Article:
But we aren’t in the caveman days anymore and whilst we don’t have a geographical landscape to scan, our reliance on scanning the internet, emails and apps is increasing at a rapid rate, and by default threatening our very intelligence.
How does it impact us in our sales leadership?
Being high on dopamine may sound really cool – always being ‘on’, highly active, loving the social life, proud of your workaholic-ism, sleep deprived, sugar and coffee reliant, but it seriously plays havoc with your ability to control your moods, your memory, the ability to focus and everything you need to play at 100% in your role and can actually turn the tables on you.
If you find yourself wanting instant gratification (i.e. lacking patience and cutting to the chase), or you tend to be more go, go, go and hyperactive (i.e. can’t sit in silence for too long and feel you need to rush someone along to fit your timeframe), or maybe you are impulsive and let your emotions override your logic and reasoning (i.e. you don’t ask the right questions or can’t be present to a conversation), then you may find yourself victim to this addictive, distraction filled lifestyle. Chances are you may have higher than normal levels of dopamine and may need to take steps to calm down your lifestyle, learn to go a little slower and take time out.
We can’t blame technology per se, nor can we say we are addicted to technology, because our phones, our I-pads, our video games, our emails etc are simply tools and they have a place in our world. But these are no different to any other resource or tool we have access to, except for their ubiquity.
- We need to take our power back.
- We need to improve our relationship between us and technology.
- We need to tackle our self awareness.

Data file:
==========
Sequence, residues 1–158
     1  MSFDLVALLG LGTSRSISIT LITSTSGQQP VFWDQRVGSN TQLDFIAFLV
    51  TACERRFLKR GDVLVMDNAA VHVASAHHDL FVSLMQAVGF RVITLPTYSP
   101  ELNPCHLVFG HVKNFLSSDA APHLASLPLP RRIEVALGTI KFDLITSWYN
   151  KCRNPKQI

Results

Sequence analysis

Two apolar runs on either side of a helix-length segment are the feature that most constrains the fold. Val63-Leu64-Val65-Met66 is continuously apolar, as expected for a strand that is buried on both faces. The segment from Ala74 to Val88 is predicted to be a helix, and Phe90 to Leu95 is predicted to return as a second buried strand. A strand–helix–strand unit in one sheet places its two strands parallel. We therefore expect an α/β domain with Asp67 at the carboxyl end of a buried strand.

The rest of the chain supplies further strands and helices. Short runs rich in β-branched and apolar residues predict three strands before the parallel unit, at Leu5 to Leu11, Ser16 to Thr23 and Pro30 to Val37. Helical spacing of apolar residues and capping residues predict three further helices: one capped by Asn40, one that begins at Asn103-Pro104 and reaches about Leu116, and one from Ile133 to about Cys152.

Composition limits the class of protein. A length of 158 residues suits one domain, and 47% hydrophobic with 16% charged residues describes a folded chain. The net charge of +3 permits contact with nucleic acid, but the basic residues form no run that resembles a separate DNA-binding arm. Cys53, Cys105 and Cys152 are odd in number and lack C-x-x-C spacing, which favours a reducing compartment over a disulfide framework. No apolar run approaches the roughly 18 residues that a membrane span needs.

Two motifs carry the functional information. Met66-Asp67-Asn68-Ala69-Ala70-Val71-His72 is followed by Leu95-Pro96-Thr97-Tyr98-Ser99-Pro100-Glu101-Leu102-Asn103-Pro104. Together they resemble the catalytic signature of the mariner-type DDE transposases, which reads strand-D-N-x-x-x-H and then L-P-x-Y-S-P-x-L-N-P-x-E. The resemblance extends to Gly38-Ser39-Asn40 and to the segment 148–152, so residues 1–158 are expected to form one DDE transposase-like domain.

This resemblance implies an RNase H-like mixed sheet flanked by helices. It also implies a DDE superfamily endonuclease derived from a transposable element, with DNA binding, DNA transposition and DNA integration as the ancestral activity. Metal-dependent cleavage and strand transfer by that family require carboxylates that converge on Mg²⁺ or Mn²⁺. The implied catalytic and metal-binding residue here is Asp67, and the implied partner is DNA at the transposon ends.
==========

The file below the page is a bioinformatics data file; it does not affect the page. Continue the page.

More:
- We need to stop being in denial.
- We need to take control of where our attention leads us.
Here are some ideas:
- I now have sales teams who place their mobile phones in a box before entering a meeting (Thanks Simon Sinek) so that attention is focussed where it needs to be.
- We now turn off all electronic devices before we go to sleep so that the brain can calm down in order to sleep deeply because that’s where and when all the reparation work for our brain and body occurs, in order for us to play at 100%.
- Taking time out during the day to simply ‘breathe, be and block time’ will go a long way to help you stay in the moment and complete your self agreed task before taking that impatient dopamine based break that is champing at the bit to interrupt and distract you.
Now, to collect my mail.
Be Bold and Brilliant
Bernadette McClelland is a Keynote and Sales Kick-Off Speaker, Executive Sales Leadership Coach, and published author. CEO of 3 Red Folders she ensures her clients create double digit, sustainable sales growth and marketplace differentiation through unique programs based on ‘The NeuroScience of Sales Leadership and Sales Process’
Image courtesy of Unsplash